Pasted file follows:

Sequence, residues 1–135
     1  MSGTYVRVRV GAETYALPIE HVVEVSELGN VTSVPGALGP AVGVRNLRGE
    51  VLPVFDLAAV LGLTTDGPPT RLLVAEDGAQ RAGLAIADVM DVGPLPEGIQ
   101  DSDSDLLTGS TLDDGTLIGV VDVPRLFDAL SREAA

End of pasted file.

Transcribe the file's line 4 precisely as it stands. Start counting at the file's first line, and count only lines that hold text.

   101  DSDSDLLTGS TLDDGTLIGV VDVPRLFDAL SREAA